A German chef, who blew off both of his hands in a liquid nitrogen kitchen accident, has had one of his hands reattached.
The young chef, known as Martin E from Stahnsdorf, near Berlin, was experimenting with a recipe involving liquid nitrogen, which is used to freeze food, when the accident happened.
Suddenly an "enormous explosion" occurred, during which the chef lost his right hand. Martin E was rushed to hospital, where his left hand was later amputated.
However, according to a report in a German newspaper, doctors have now been able to reattach his left hand.
"We expect to be able to restore the function of the left hand to between 60% and 70%," one of the doctors told theBerliner Morgenpost.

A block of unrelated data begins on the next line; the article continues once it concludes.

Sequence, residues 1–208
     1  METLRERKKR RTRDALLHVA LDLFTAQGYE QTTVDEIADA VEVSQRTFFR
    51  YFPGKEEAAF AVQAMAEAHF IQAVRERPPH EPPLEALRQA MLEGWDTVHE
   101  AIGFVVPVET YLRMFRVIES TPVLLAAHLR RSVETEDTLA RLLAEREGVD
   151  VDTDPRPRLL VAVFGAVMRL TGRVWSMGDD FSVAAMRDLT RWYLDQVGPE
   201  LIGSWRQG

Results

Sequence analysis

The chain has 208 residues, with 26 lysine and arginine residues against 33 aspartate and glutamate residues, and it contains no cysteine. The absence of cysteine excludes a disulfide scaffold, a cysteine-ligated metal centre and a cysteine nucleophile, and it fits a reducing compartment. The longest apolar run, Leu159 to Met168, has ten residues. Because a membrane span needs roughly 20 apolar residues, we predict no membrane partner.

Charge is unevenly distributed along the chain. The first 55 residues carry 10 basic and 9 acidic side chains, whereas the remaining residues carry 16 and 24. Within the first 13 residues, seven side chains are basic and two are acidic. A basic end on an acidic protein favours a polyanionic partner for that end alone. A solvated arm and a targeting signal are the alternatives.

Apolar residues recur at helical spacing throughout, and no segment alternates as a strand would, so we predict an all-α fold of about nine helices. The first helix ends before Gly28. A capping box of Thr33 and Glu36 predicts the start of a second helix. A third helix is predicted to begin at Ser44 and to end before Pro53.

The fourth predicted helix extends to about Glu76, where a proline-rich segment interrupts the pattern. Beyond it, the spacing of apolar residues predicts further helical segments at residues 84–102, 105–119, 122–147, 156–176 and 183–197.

He added that up to 10 operations may be necessary and that Martin E's condition remains life threatening.
Liquid nitrogen can cause frostbite in humans upon contact, and can also create an explosion if the liquid turns to gas too quickly.
Heston Blumenthal, chef proprietor of the three-Michelin-starred Fat Duck restaurant in the Berkshire village of Bray, rose to fame cooking with the chemical - a technique known as "molecular gastronomy".
Molecular gastronomy, a culinary and scientific discipline, examines the physical and chemical processes that occur in cooking.
By Kerstin Kühn
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